There's quite a bit going on in raceland, so here are a few thoughts.
Alan over at LATG does not have trouble holding feet to the fire in New York. Despite listing bands on his blog that I don't have the foggiest about even if I google them, he plays NYRA down the middle. NYRA, like some other entities in horse racing, is at a crossroads. It's profit maximization versus politics and some of it is head-scratching.
The Paulick Report story about Kentucky Downs versus Churchill Downs on September dates, ended up yielding a defacto poll in the comments section. When I was a kid I remember watching the Reagan-Mondale election results. This might be more lopsided. For a synopsis on this brouhaha, please read Matt's article here.
There's a drumbeat, which has been active for some time, about racing needing to be operated by more non-profits. That might sound Khrushchevian, but in this day and age it does make some sense. Racing is a strange, regulated, public-private entity, that involves alternative gaming, and other subsidies. Churchill Downs Inc is a company that acts exactly like it should - based on profit maximization, control, increasing market share etc - so that the next quarter will show an EPS that meets or exceeds analyst expectations. Capitalism doesn't suck, it's why we pay $400 for flat screen TV's or go to Costco to get a 458 pack of gum for like $40. But in racing's case it kinda does. Places like Woodbine are "non-profit" and they do some good work (except for the evil rakes). Other casino companies that dot the landscape? I really don't think they have the best of intentions for the sport in the long term.
Speaking of subsidies, the Bloodhorse reported that 35% of purses are funded by alternative gaming etc. That obviously won't go on forever, but it's a huge reason why racing keeps having horse sales where the who's who spend thousands like Kim Kardashian on a sugar high.The advent of such gaming certainly shows up in the entry box and it messes up the end product. In harness this has been obvious with the Big M versus PA tracks and Yonkers. In the thoroughbreds, boy does it show up in Illinois. There, dates have been decimated and purses are falling quicker than something that falls really fast (I try to use only one simile per paragraph).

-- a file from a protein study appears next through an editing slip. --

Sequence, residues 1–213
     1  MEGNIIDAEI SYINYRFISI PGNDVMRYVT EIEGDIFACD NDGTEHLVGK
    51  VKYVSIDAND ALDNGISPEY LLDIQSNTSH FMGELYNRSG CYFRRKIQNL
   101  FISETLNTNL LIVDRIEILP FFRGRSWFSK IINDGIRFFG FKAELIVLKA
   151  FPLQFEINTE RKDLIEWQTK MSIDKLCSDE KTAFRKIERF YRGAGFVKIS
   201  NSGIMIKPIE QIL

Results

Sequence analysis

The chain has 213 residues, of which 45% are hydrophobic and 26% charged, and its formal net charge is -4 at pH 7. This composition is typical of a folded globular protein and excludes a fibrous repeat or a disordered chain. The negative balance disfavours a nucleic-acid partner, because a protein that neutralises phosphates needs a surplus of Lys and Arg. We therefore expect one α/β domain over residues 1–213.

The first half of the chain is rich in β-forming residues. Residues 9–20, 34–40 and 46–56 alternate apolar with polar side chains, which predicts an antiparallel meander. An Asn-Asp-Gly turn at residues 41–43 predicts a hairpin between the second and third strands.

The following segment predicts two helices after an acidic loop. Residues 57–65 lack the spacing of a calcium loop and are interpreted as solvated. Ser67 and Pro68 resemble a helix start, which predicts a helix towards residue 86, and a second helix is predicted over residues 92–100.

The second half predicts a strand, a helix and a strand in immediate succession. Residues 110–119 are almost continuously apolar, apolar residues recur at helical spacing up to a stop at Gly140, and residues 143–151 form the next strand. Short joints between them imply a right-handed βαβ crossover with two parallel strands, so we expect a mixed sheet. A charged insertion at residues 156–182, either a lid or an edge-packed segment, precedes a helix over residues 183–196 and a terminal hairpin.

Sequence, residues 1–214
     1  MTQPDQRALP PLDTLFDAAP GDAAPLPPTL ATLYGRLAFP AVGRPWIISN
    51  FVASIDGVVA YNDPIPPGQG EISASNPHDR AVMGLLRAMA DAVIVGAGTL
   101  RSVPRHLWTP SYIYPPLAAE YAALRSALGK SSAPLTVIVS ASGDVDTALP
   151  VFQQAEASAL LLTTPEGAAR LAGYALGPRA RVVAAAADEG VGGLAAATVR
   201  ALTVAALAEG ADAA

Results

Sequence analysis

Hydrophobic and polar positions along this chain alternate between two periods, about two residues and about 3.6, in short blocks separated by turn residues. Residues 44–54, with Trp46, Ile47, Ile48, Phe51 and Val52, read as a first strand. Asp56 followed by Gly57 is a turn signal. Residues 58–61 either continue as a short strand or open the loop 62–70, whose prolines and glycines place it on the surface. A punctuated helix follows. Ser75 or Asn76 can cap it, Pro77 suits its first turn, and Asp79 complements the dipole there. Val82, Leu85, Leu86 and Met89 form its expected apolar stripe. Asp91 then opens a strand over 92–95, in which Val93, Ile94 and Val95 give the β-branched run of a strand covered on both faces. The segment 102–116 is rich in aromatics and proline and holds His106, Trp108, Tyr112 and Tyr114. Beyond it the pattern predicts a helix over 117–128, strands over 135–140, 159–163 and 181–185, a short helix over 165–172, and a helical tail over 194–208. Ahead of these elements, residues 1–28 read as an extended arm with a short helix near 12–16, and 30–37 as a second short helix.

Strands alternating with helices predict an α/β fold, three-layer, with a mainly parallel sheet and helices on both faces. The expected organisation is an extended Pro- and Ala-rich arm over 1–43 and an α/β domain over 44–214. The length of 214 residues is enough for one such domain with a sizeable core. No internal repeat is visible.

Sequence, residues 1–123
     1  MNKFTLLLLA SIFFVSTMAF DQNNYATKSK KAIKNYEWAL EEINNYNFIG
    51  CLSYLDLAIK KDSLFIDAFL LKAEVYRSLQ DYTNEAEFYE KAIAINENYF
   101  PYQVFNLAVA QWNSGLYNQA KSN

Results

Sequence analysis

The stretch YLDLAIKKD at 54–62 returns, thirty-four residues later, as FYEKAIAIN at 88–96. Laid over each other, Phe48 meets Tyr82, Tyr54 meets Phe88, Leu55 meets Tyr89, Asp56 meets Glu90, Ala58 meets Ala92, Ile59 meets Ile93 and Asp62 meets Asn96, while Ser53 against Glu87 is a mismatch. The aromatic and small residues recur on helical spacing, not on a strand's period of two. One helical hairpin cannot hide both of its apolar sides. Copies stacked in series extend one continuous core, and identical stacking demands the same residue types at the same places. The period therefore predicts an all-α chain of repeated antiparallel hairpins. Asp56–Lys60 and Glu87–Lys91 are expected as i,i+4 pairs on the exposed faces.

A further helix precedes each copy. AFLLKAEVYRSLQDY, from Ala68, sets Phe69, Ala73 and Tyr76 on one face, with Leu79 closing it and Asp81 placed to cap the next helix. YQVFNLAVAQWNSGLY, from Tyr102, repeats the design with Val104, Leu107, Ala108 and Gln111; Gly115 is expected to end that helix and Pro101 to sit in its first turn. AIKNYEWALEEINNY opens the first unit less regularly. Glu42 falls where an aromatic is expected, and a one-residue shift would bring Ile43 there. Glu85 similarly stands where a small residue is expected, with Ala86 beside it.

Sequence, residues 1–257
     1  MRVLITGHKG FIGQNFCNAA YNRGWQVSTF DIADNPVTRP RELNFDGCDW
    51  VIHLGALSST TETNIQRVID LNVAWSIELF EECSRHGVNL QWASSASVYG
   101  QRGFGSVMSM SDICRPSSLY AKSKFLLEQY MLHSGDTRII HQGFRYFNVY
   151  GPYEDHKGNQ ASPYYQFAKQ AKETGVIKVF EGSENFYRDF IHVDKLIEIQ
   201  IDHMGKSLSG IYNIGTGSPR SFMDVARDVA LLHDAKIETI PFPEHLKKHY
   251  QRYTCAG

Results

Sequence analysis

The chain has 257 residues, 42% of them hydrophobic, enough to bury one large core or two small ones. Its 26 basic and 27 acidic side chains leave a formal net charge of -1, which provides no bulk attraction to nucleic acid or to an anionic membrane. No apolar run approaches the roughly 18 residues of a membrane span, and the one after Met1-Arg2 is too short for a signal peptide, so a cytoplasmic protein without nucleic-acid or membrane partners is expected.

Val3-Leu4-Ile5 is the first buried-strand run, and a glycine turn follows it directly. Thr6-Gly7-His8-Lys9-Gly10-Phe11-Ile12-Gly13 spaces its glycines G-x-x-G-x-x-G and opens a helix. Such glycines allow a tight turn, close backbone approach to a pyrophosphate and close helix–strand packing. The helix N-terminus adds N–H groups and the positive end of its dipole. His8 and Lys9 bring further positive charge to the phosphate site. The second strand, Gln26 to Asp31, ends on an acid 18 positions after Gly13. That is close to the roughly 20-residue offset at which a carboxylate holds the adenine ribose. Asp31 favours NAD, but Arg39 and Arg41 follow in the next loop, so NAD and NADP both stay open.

Meadowlands announces a few races for the undercard on Breeders Crown nights.
This guy got banned for steroids this week in the NFL. Maybe he was framed? That's like a trainer who wins 56% off the claim over a large sample and trying to convince regulators and bettors it's the shoeing.
Weather is saying rain for Keeneland's opener.
I really wonder sometimes about those in control of horse racing. We often hear how we have to "dumb things down" to attract bettors, while we should frankly do the opposite. The edge that was at Keeneland on the poly was similar to the edge at Hong Kong, and some UK tracks on the turf. It made handicapping more complex, tougher and worth putting your time in for because you might find nuggets to get paid with. This characteristic is vital for a gambling game without very small takeout rates. If dumbing things down worked, harness racing and dog racing would have handles dwarfing that of the runners. Horse racing is not a casino, or a scratch off ticket game, and never has been.
As for my long lost friend Keeneland, I will be playing tomorrow, but I won't dig overly deep in the PP's for the dirt races, because I likely won't have to (unless some strange track bias pops up).
Enjoy your day everyone and good luck at the windows should you be having a punt.